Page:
Pozzolanic Reaction in Clayey Soils for Stabilization Purposes: A Classical Overview of Sustainable Transport Geotechnics

Kennedy C. Onyelowe, Michael E. Onyia, Duc Bui Van, Haci Baykara, Hyginus U. Ugwu, Robert Černý
2021 Advances in Materials Science and Engineering  
Problematic soil stabilization processes involve the application of binders to improve the engineering properties of the soil. This is done to change the undesirable properties of these soils to meet basic design standards. However, very little attention has been given to the reactive phase of soil stabilization. This phase is the most important in every stabilization protocol because it embodies the reactions that lead to the bonding of the dispersed particles of clayey soil. Hence, this
more » ... ve phase is reviewed. When clayey soils which make up the greatest fraction of expansive soil come in contact with moisture, they experience volume changes due to adsorbed moisture that forms films of double diffused layer on the particles. When this happens, the clayey particles disperse and float, increasing the pore spaces or voids that exist in the soil mass. Stabilizations of these soils are conducted to close the gaps between the dispersed clayey soil particles. This is achieved by mixing additives that will release calcium, aluminum, silicon, etc., in the presence of adsorbed moisture, and a hydration reaction occurs. This is followed by the displacement reaction based on the metallic order in the electrochemical series. This causes a calcination reaction, a process whereby calcium displaces the hydrogen ions of the dipole adsorbed moisture and displaces the sodium ion responsible for the swelling potential of clayey soils. These whole processes lead to a pozzolanic reaction, which finally forms calcium alumina-silica hydrate. This formation is responsible for soil stabilization.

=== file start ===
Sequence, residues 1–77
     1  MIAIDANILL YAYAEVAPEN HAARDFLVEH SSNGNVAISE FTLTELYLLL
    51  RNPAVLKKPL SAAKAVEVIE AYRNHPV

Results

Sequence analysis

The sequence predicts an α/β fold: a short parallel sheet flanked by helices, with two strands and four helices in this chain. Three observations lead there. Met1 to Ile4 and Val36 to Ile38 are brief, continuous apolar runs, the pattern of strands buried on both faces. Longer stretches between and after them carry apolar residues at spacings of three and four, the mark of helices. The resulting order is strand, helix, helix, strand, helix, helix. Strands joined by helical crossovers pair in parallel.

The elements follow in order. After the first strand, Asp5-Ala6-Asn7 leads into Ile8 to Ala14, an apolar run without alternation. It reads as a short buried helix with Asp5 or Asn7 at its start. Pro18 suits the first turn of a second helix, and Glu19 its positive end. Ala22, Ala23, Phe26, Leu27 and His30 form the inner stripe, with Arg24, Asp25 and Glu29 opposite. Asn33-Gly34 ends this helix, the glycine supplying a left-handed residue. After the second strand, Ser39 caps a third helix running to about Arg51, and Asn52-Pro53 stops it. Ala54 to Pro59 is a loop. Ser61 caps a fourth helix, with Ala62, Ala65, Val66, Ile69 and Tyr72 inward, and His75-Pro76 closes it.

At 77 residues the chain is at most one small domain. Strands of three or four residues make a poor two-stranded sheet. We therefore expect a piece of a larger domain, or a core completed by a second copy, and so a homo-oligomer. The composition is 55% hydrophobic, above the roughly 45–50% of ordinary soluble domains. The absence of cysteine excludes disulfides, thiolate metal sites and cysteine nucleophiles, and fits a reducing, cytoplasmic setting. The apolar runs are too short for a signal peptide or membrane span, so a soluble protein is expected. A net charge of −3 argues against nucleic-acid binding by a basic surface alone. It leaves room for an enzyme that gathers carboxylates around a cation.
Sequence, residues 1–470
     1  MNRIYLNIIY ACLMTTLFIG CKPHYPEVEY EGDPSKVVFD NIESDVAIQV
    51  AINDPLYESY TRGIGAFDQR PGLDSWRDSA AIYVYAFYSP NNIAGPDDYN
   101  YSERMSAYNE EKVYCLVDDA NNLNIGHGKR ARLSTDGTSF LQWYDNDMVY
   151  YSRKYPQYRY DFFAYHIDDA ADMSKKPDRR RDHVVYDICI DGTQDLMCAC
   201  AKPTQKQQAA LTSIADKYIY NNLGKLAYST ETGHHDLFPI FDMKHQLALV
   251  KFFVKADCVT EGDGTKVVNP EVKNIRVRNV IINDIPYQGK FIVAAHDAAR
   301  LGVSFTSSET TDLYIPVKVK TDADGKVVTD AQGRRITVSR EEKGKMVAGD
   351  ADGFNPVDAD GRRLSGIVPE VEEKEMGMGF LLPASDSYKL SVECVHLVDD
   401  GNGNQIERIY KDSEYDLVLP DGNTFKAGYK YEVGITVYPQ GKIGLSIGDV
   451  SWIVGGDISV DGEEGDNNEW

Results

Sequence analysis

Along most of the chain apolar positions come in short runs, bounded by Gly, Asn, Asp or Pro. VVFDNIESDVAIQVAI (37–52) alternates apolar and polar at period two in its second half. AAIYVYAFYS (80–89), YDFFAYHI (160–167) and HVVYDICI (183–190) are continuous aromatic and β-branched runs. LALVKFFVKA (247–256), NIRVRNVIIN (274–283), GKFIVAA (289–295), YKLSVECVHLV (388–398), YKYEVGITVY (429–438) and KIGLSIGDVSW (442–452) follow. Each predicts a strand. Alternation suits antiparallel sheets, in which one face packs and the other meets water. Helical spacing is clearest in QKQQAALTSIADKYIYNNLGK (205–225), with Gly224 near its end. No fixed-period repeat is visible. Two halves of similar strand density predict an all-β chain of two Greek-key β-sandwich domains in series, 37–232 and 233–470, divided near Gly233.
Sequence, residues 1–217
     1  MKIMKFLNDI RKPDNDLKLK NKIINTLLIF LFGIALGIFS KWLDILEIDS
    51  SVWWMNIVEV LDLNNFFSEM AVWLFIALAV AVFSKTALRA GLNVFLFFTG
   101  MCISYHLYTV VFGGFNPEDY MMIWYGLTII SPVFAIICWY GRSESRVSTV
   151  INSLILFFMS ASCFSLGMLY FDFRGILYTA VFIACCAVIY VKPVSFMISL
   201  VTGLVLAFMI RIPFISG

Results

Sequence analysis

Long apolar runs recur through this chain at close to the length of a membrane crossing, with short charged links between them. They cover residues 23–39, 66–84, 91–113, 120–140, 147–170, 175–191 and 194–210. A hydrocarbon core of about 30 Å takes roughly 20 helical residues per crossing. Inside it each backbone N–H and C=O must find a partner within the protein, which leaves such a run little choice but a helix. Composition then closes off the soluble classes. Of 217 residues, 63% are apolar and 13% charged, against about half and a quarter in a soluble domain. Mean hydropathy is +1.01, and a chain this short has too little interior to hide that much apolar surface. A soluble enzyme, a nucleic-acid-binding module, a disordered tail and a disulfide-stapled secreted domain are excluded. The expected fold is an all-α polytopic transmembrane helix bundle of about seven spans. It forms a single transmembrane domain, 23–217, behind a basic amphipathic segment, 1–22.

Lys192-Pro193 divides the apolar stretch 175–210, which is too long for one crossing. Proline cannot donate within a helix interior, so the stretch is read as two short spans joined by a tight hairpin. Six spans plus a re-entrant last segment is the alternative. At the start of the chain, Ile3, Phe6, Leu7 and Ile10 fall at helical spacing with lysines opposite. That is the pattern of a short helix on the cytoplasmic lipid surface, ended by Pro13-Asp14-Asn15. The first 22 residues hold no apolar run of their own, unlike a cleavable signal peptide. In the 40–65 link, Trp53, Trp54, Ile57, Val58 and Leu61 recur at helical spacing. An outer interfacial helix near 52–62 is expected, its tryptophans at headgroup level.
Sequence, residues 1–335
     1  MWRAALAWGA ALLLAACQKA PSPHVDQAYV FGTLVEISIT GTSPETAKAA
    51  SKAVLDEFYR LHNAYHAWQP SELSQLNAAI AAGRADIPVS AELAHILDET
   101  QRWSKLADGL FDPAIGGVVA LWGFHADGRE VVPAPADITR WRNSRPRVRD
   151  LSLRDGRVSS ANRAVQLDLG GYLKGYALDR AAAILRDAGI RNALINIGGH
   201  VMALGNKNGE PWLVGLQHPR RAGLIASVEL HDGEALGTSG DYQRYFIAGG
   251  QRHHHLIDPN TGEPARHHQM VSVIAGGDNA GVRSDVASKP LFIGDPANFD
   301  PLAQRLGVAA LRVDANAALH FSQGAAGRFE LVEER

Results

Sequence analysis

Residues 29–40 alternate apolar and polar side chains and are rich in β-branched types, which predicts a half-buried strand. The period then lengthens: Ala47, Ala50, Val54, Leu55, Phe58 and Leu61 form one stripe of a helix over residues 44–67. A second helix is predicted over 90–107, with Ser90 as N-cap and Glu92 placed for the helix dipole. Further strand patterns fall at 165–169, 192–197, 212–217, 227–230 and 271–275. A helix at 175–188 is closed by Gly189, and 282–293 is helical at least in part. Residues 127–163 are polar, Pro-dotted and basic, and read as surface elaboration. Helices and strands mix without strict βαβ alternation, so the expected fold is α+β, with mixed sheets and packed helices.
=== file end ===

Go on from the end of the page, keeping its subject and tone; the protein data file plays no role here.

doi:10.1155/2021/6632171 fatcat:d63w63dvkvclnj3jvg6j4obuci